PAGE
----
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Evaluation of relationships between pretreatment patient variables and duration of isolation for radioiodine-treated hyperthyroid cats

Ralph C. WeichselbaumVeterinary Imaging Consultants, 2932 108th Ln NW, Coon Rapids, MN 55433.

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 DVM, PhD
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Daniel A. FeeneyDepartment of Small Animal Clinical Sciences, College of Veterinary Medicine, University of Minnesota, St Paul, MN 55108.

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 MS, DVM
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Carl R. JessenDepartment of Small Animal Clinical Sciences, College of Veterinary Medicine, University of Minnesota, St Paul, MN 55108.

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 DVM, PhD

Abstract

Objective—To determine relationships between commonly measured pretreatment variables and duration of isolation for unrestricted dismissal after oral administration of iodine 131 (131I) for treatment of hyperthyroidism in cats.

Animals—149 hyperthyroid cats treated with 131I.

Procedure—A dose of 131I (2.9 to 6.04 mCi [1.07 to 2.23 × 108 Bq]) was administered orally to all cats after hyperthyroidism was confirmed by evaluation of serum total thyroxine (T4) concentrations. Forward stepwise regression analysis was used to determine whether pretreatment total T4 concentration, serum creatinine concentration, body weight, age, 131I dose, or concurrent administration of cardiac medication (specifically excluding thyroid suppression drugs) could be used as pretreatment predictors of duration of isolation in a clinical setting. Gamma radiation emission rate at dismissal was < 2.0 mR/h at skin surface over the thyroid region.

Results—Mean ± SD duration of isolation was 16.67 ± 4.42 days (95% confidence interval, 9.2 to 24.1 days). The regression equation for duration of isolation calculated on the basis of dose of 131I (duration of isolation [days] = 3.2 + [2.66 × mCi – 131I dose]) yielded a regression line with a 95% confidence interval of ± 3.3 days; only 15% of the variation was explained.

Conclusions and Clinical Relevance—A pretreatment estimate for duration of isolation could be determined only from an equation based on the orally administered dose of 131I. These findings suggest that administration of the lowest efficacious dose possible is the dominant factor in reduction of duration of isolation for cats treated with 131I. (Am J Vet Res 2003;64:425–427)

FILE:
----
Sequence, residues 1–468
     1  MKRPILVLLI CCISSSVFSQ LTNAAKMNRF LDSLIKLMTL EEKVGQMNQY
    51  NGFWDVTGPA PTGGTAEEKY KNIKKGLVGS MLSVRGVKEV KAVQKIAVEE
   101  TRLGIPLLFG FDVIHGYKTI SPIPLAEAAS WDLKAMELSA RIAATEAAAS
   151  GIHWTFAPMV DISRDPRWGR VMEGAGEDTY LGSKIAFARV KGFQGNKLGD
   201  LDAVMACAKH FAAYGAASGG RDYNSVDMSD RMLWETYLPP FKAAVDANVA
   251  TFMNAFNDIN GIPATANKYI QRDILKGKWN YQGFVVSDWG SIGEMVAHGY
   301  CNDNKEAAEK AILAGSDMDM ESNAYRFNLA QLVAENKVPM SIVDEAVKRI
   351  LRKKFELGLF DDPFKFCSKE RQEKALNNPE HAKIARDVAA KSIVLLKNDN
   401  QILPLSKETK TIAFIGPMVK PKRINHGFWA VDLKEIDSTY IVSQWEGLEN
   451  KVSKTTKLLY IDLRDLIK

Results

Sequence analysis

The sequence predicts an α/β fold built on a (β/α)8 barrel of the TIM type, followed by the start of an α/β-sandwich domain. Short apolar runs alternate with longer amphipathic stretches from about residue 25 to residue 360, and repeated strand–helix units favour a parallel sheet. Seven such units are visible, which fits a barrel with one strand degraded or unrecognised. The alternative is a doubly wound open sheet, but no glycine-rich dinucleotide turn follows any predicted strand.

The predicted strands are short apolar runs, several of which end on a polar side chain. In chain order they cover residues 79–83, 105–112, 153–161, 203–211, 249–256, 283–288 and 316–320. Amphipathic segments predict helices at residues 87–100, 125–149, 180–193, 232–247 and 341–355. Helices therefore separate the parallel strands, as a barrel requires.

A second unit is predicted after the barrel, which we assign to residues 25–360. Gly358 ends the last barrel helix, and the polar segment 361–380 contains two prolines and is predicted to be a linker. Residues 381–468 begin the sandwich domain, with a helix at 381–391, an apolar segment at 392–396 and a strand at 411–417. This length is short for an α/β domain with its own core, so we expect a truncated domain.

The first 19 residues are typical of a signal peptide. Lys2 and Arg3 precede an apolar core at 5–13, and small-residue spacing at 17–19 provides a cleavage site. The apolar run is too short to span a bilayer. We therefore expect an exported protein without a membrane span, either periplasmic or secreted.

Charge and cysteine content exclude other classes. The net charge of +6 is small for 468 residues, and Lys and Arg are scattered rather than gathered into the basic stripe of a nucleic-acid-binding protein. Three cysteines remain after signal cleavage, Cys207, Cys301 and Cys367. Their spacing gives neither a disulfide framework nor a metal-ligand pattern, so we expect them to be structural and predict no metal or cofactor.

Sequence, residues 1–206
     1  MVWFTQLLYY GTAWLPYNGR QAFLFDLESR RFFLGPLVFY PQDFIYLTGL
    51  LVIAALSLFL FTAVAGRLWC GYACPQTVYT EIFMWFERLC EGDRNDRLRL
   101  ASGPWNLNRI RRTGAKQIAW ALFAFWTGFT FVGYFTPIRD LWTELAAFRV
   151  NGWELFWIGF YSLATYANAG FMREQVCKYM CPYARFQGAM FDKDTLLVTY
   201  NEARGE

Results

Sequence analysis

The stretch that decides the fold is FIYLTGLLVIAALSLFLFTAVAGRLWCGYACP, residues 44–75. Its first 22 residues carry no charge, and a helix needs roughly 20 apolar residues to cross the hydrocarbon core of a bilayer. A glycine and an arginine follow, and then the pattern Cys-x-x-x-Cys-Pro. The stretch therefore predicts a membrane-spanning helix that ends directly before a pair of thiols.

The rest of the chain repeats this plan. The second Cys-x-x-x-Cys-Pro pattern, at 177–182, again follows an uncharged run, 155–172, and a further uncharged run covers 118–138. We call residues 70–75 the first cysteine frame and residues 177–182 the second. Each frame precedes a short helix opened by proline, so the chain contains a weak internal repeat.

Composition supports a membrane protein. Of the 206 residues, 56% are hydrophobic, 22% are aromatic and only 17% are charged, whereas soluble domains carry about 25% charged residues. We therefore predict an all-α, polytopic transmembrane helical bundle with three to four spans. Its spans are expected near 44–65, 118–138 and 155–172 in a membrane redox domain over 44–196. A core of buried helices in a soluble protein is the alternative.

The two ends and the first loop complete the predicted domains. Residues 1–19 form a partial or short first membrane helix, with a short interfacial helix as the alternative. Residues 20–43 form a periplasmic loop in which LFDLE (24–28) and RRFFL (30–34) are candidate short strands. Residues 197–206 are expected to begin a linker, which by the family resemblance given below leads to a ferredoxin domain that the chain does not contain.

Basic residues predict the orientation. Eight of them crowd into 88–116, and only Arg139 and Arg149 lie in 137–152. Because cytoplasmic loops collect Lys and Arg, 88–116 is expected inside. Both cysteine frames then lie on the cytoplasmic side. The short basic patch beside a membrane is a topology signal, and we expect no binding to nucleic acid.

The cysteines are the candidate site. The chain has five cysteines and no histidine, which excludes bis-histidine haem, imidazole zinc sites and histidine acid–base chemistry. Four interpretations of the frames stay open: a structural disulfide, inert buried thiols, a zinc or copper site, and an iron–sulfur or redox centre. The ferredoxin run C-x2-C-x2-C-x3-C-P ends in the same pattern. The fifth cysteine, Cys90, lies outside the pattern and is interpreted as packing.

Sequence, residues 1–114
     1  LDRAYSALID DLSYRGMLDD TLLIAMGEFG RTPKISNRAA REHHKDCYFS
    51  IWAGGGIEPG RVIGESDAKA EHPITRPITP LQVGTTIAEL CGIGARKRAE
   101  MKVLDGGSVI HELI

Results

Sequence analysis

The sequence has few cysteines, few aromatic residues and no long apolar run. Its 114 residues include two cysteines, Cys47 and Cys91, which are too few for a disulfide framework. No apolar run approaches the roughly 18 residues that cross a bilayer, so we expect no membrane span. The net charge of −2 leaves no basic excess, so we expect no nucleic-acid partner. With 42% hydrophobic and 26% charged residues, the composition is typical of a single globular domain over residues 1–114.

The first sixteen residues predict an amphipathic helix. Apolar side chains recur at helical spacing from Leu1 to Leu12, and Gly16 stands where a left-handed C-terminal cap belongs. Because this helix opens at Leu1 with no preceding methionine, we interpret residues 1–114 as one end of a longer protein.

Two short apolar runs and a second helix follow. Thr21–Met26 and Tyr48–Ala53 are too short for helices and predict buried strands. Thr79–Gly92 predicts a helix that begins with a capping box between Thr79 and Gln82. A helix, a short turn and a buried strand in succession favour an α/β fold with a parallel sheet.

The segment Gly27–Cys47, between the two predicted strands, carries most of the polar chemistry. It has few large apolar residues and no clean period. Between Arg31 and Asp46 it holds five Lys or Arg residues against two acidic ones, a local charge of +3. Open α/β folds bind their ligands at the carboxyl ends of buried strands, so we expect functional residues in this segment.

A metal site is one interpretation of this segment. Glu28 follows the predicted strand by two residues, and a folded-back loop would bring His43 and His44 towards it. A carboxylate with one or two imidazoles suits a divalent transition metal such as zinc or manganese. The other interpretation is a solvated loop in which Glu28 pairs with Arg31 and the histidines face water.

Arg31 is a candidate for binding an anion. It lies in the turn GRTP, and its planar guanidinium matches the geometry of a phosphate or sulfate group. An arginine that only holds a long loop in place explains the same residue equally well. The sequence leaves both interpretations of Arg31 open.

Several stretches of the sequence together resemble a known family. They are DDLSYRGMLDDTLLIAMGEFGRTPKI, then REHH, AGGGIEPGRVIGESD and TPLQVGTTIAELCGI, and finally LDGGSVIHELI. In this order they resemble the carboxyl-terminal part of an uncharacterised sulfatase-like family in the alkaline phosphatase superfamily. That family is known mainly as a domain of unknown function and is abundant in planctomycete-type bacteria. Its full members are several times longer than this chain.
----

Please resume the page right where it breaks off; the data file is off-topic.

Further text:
Abstract

Objective—To determine relationships between commonly measured pretreatment variables and duration of isolation for unrestricted dismissal after oral administration of iodine 131 (131I) for treatment of hyperthyroidism in cats.

Animals—149 hyperthyroid cats treated with 131I.

Procedure—A dose of 131I (2.9 to 6.04 mCi [1.07 to 2.23 × 108 Bq]) was administered orally to all cats after hyperthyroidism was confirmed by evaluation of serum total thyroxine (T4) concentrations. Forward stepwise regression analysis was used to determine whether pretreatment total T4 concentration, serum creatinine concentration, body weight, age, 131I dose, or concurrent administration of cardiac medication (specifically excluding thyroid suppression drugs) could be used as pretreatment predictors of duration of isolation in a clinical setting. Gamma radiation emission rate at dismissal was < 2.0 mR/h at skin surface over the thyroid region.

Results—Mean ± SD duration of isolation was 16.67 ± 4.42 days (95% confidence interval, 9.2 to 24.1 days). The regression equation for duration of isolation calculated on the basis of dose of 131I (duration of isolation [days] = 3.2 + [2.66 × mCi – 131I dose]) yielded a regression line with a 95% confidence interval of ± 3.3 days; only 15% of the variation was explained.

Conclusions and Clinical Relevance—A pretreatment estimate for duration of isolation could be determined only from an equation based on the orally administered dose of 131I. These findings suggest that administration of the lowest efficacious dose possible is the dominant factor in reduction of duration of isolation for cats treated with 131I. (Am J Vet Res 2003;64:425–427)